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Divorce mediation, while a highly under-utilized, often boring, and emotionally draining tool, can provide tremendous assistance in a Dallas divorce, and often eliminates the need for extensive court proceedings. Because of this, our divorce attorneys at the Law Offices of Stephen Clark always recommend divorce mediation to our clients, especially if they are looking to save time and money in the process. If you and your spouse are interested in divorce mediation, contact the Dallas divorce attorneys at our family law firm to learn more about what the process entails and how our legal representatives are here to help you.

What is Divorce Mediation?

Divorce mediation is the process of sitting down with a neutral third party and negotiating a divorce settlement that is in the best interests of you, your former spouse, and most importantly, your children. The neutral third party is there to help you work through and resolve your issues so that you can dissolve your marriage in as amicable and cost-effective way as possible. Typically, a divorce mediator will assist you in resolving issues such as:

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It happens all the time: The divorce court hands down a final judgment and one or both parties are unhappy with the outcome. If you are dissatisfied with the final judgment in your divorce case, whether it is because you wanted sole custody instead of shared parenting or because you wanted your former spouse to be responsible for all of the marriage's debt instead of part of it, you have the option to appeal the family court's decision. At the Clark Law Group, our Dallas divorce modification attorney specializes in post divorce modifications and can help you appeal the court's initial judgment.

How Does an Appeal Work?

In family law, an appeal works in much the same way that an appeal would work in any other area of law - by appealing to a higher court to review the lower court's decision. However, just as with criminal or civil cases, in order to appeal a decision, you must have reasonable grounds for doing so. For instance, you cannot appeal the court's decision for shared custody if the only grounds for appeal that you can bring are, 'I do not like my former spouse and so do not want him or her apart of my child's life.' Without reasonable grounds for appeal, the higher courts may dismiss your case in the best case scenario; in the worst case scenario, they will reopen your case and grant more custody to your former spouse on the grounds that you are trying to interfere with the parent-child relationship.

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Posted on in Divorce

Entering into a prenuptial agreement is almost as big of a decision as opting to spend the rest of your life with another individual. Because of this, our Dallas divorce attorneys ask clients to give the same kind of care and consideration to what they include in their prenup as they would to their decision to get married. Furthermore, we ask clients to consider whether or not a prenuptial agreement is really right for them.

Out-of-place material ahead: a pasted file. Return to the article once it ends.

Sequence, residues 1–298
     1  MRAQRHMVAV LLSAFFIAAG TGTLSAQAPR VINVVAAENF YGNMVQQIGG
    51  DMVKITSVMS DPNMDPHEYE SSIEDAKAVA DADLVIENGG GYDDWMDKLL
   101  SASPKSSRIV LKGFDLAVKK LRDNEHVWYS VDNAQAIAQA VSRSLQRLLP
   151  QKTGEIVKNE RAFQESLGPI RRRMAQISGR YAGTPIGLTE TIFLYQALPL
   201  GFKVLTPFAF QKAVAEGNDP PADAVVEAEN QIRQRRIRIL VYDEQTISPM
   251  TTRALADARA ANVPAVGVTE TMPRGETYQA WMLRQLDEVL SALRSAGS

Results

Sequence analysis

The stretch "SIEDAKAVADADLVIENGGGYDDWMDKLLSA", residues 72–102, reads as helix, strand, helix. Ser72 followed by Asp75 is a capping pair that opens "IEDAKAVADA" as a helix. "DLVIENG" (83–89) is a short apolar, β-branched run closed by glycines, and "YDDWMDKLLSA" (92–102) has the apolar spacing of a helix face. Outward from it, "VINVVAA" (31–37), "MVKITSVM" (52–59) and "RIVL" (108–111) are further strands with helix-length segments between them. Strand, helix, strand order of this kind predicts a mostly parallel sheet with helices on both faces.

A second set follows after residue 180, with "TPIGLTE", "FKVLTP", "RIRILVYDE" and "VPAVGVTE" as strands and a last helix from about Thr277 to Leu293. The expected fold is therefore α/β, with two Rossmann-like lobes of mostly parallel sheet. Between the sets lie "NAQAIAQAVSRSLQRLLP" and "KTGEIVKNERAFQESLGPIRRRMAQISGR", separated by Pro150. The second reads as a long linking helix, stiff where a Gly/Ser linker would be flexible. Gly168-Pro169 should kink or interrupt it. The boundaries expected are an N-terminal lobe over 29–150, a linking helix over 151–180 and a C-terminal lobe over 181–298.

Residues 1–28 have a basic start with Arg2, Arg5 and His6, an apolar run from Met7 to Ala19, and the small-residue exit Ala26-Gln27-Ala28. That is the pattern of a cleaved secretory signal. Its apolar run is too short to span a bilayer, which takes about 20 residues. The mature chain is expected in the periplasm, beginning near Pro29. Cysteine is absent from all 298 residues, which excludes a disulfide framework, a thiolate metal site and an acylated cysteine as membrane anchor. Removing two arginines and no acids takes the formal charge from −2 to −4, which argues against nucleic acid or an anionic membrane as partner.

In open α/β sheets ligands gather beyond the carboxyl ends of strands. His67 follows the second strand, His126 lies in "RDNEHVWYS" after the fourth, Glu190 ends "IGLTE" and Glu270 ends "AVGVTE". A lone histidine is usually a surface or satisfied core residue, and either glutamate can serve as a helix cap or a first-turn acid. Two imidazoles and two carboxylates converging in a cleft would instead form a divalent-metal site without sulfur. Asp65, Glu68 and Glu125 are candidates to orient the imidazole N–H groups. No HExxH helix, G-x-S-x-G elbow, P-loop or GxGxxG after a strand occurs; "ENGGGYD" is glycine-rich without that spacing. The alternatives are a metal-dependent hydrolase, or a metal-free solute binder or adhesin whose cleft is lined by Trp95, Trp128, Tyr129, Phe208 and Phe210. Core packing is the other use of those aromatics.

While we are huge advocates of prenuptial agreements, we understand that they are not for everyone. Our Dallas divorce attorney can help you decide if a prenuptial agreement would be beneficial to your upcoming union, and if so, help you prepare a contract that would benefit both you and your future spouse.

Pros of a Texas Premarital Contract

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Marriage and divorce change everything, including your tax situation. Whether you recently got married and changed your name or you recently went through a divorce and took back your maiden name, you should make sure that the name on your tax return matches the name registered with the Social Security Administration. If you fail to match your name with both the IRS and SSA, it may cause problems with the processing of your tax return. In some instances, it may delay your refund, which could be substantially larger depending on your new relationship and filing status.

To make things easier on you, our Dallas, Texas family law attorney has included four tips from the IRS for recently married or divorced taxpayers who have undergone a name change:

  • If you took your spouse's last name and do not notify the SSA, you may run into trouble filing your tax return, whether you file jointly or as a single individual. Additionally, even if you hyphenate your name (meaning, you took your spouse's but also kept your own), the IRS still will not be able to create a match. To make sure that your name matches that with your Social Security Number, notify the SSA of your name change.
  • The same goes if you were recently divorced and took back your maiden name: You must notify the necessary administrations to ensure your tax return matches up with your SSN.
  • It is easy to inform the SSA of a name change. Simply fill out and file a Form SS-5, Application for a Social Security Card, at your local SSA office. You will need to provide a recently issued document as proof of your legal name change. Visit the SSA's website, or call 800-772-1213, to inform them of your name change. You Social Security Number will remain the same; the name on the card will just be different.
  • If your spouse has children from a previous marriage and you adopt them, make sure that they have their Social Security Numbers on hand. If you are going to be helping support them, or if you will be claiming head of household, you can claim them as dependents on your tax return. If the children do not have SSNs, you can apply for an Adoption Taxpayer Identification Number - or ATIN - which is a temporary number used in place of an SSN on a tax return.

Consult a Dallas, TX Family Law Attorney

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